§ 3.13 p.m.
§ Lord Ashley of Stoke asked Her Majesty's Government:
The Parliamentary Under-Secretary of State, Department of Social Security (Viscount Astor)
My Lords, the Government are committed to the elimination of discrimination against disabled people. However, we do not see comprehensive legislation as the most effective and practical means of achieving that aim. The Government have made clear their concerns about the potential costs and burdens of this Bill. We intend to consult on a range of measures to combat unjustifiable discrimination. The five areas for consultation are employment, access to goof's and services, financial services, the impact of building regulations on disabled people and the creation of an advisory body on disability.
§ Lord Ashley of Stoke
My Lords, is the Minister aware that it is Helpful for the House to know the Government's attitude to the Bill before we debate it next Wednesday? The Government's objections have now been met by changes to the Bill. Is the Minister also aware that the Government's £17 billion cost assessment is wildly inaccurate because the costs of several departments were duplicated? No account was taken of the economic benefits that would be derived from countless numbers of disabled people returning to work and, above all, the Government assumed that the entire Bill would be implemented within five years. However, under the Bill as it now stands, implementation is completely open-ended; it is entirely at the discretion of the Government. Undue hardship on business or on any other organisation is specifically banned by the Bill—specifically banned—and any provisions for disabled people must be reasonable. Does the Minister agree that in view of those factors it would be entirely wrong for the Government to oppose the Bill?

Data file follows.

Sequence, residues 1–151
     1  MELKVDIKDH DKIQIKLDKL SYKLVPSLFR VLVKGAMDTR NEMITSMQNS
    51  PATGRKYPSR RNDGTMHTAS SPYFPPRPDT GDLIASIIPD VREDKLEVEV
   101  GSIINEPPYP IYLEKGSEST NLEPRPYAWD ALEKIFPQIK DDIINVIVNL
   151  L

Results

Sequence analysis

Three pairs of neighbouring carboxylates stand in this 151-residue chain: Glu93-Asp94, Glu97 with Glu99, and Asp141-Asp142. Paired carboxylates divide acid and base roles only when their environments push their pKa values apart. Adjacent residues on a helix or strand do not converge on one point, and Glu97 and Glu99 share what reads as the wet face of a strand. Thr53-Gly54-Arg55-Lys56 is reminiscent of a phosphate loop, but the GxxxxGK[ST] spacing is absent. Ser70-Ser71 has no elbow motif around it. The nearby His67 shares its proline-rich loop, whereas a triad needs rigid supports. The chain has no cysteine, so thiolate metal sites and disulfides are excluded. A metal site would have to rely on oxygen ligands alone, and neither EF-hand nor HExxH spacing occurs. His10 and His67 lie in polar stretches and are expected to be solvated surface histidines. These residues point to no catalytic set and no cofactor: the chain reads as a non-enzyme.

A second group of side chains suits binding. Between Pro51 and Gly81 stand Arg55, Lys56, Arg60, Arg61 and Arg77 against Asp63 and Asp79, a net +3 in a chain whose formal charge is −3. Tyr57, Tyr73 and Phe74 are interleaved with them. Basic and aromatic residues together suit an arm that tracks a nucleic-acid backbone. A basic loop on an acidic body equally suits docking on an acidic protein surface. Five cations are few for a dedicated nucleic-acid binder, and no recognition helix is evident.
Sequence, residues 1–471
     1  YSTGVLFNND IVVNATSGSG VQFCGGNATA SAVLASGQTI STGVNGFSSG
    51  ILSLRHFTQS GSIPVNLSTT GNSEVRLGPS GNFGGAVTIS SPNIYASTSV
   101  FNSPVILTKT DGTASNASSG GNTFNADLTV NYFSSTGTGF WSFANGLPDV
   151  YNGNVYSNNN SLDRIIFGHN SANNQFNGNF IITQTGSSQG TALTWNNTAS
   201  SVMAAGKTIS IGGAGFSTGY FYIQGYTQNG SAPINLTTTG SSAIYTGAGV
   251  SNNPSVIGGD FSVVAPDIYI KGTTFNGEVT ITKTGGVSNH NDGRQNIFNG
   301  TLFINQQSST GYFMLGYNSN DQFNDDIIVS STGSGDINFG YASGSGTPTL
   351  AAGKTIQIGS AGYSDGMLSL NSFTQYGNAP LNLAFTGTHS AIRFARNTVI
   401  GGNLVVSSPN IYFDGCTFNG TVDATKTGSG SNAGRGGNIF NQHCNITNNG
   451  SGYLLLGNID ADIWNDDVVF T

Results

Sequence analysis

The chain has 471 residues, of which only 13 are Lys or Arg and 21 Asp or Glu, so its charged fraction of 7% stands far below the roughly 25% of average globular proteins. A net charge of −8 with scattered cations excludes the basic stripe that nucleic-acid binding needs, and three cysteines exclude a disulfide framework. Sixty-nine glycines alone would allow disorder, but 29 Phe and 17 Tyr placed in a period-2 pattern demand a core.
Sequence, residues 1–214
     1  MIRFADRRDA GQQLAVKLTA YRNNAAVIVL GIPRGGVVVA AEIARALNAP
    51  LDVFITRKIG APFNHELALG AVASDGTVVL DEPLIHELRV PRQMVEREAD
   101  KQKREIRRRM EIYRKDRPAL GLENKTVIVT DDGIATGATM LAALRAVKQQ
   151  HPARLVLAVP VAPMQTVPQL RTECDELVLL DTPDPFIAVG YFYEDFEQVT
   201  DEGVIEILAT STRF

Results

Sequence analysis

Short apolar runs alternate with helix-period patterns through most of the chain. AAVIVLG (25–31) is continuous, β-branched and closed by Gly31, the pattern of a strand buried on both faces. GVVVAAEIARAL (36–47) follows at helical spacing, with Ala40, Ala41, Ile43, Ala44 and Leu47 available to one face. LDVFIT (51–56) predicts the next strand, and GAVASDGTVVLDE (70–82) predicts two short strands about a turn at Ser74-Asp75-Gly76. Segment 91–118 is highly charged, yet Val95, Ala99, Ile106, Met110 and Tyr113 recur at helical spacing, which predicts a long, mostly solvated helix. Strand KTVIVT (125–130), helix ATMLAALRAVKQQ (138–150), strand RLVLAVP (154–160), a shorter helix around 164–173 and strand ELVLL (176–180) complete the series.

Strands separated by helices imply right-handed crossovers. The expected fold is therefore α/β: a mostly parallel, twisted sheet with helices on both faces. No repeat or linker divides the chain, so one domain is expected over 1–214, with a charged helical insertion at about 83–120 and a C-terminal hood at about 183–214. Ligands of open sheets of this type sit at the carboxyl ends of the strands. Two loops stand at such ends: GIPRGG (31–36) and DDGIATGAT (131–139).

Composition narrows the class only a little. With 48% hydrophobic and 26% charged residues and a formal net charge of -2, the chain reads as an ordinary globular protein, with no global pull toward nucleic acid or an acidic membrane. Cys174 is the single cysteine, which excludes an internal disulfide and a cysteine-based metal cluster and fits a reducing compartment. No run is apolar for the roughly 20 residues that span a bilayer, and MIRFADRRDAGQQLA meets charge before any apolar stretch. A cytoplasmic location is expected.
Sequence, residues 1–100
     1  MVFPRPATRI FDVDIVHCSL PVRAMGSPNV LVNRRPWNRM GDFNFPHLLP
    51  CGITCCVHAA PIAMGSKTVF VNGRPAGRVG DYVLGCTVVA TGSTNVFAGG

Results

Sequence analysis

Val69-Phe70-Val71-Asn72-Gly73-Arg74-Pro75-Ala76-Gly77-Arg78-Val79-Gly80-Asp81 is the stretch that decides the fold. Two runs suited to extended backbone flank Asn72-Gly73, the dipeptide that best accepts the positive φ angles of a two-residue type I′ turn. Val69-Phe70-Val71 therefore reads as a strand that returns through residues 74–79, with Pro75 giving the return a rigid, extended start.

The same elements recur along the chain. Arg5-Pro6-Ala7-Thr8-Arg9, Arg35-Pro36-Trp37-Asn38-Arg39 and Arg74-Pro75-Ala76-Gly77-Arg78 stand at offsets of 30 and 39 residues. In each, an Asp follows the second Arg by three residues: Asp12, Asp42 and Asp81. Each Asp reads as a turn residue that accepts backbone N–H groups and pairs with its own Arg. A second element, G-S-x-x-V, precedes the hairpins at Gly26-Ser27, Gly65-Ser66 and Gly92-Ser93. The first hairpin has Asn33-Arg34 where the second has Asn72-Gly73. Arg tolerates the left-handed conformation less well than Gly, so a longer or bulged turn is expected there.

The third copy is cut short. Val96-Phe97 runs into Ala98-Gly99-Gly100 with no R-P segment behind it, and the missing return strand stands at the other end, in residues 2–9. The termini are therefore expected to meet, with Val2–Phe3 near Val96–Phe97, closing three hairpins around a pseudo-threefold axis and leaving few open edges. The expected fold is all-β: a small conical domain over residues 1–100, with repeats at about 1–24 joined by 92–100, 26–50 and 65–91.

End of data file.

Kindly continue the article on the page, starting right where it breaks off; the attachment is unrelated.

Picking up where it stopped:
My Lords, while the Government support the aims of the Bill, we do not support it as drafted. The drafting is defective in a number of areas and insufficient account has been taken of the potential huge costs of implementation. We still believe that to be the case. No doubt, when the noble Lord, Lord Ashley, introduces his Bill in this House next week, we shall be able to discuss the cost and how the figure of £17 billion cornea about.
§ Lord Renton
My Lords, is my noble friend aware that for nearly 20 years many Members of all parties have wanted a Bill on these lines and that the Bill presented by the noble Lord, Lord Ashley of Stoke, is a great improvement on its predecessors? As the Government are still worried about the alleged cost, is my noble friend further aware that two simple amendments will deal quite simply with that problem, if they have an open mind on the matter?
My Lords, of course we have an open mind. I am well aware of the level of support for anti-discrimination legislation and the Government have listened carefully to the arguments of those supporting it. While acknowledging the conviction of those views, we have not yet been persuaded that comprehensive anti-discrimination legislation represents the most practical way of promoting opportunities for disabled people.
§ Lord Ennals